So tired of struggling against myself, this decades-long inconclusive trench warfare, this miserable war of attrition. Sooner or later one side will run out of energy, maybe, and there will be a victory. Or, much more probably, I will simply run out of life.
The more exasperating in that I don't believe in it. I don't believe there's a wicked Dale and a good Dale struggling for dominance here. Or a good-soldier Dale and an artist Dale facing off. the whole thing's absurd, a mistake, a misunderstanding.
Why am I so often tied up in knots, immobilized? I act like a prisoner, doggedly waiting out my sentence -- passive, sullen, and given to secretive plotting. I pour my energy into mild trangressions -- writing here, for instance, when I'm supposedly working, or going to the strip clubs when I'm supposedly at the gym, or studying German over long breakfasts when I ought to be meditating -- while my "official" activities, my actual work, my dharma practice, my relations with my family, my exercise -- get squeezed into the times when my guilt has gotten the better of me and insisted I do something, for god's sake.
So it goes on.
Is it better than it used to be? Has there been any improvement over the years? Well, yes. The transgressions are less destructive. I believe in them less, they're a little less compulsive. But the basic structure of my psyche hasn't changed much. Much of my life I spend thinking like a prisoner. I'm just an older prisoner, now, less apt to kick against the pricks, cagier in my subterfuges. And in some ways it's worse: my lunges against living this way, though they were by far the most destructive phases of my life, at least reflected a determination to change things.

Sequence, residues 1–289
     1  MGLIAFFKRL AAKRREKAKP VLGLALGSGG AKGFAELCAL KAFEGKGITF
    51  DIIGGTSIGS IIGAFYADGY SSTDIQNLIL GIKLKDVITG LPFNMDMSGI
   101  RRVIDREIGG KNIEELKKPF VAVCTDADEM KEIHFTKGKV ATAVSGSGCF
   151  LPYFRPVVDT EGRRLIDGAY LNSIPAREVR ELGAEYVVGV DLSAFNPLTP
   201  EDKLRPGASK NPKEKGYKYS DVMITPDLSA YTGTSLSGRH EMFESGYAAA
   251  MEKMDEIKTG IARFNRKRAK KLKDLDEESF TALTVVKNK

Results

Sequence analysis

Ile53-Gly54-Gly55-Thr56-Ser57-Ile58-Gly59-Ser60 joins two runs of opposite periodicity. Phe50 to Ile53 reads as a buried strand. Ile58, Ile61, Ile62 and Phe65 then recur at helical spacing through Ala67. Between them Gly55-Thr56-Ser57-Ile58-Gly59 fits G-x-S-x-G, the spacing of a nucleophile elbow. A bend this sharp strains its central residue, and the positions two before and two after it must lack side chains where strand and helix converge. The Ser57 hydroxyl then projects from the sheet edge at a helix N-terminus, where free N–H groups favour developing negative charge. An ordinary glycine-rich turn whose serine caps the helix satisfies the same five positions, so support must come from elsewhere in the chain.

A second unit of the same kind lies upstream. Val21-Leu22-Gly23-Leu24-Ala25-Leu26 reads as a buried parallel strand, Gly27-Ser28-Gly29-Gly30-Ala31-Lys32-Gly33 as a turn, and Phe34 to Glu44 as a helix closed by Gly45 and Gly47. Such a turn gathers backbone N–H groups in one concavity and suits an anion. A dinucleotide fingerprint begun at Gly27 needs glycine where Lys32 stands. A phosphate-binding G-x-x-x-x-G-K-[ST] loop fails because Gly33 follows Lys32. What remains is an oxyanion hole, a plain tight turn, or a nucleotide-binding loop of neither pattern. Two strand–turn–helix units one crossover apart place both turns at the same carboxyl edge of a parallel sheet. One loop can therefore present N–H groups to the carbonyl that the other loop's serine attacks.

Ngondro seemed to be threatening to really break this open, but now it's been incorporated into the structure. Now it's part of my "official" life, the life I live for show, the life I do as little in as I can get away with. Of course, I've only managed to absorb it that way by not really doing much of it. I think it still has the potential to break things wide open.
I'm reminded of William Stafford's poem about a prisoner having locks smuggled into his cell in pies, sneaking extra fetters in past the guards, working carefully by night to fit extra bars into his cell-window. That's the sort of prisoner I am.
For the present. In some versions of the story. There are others.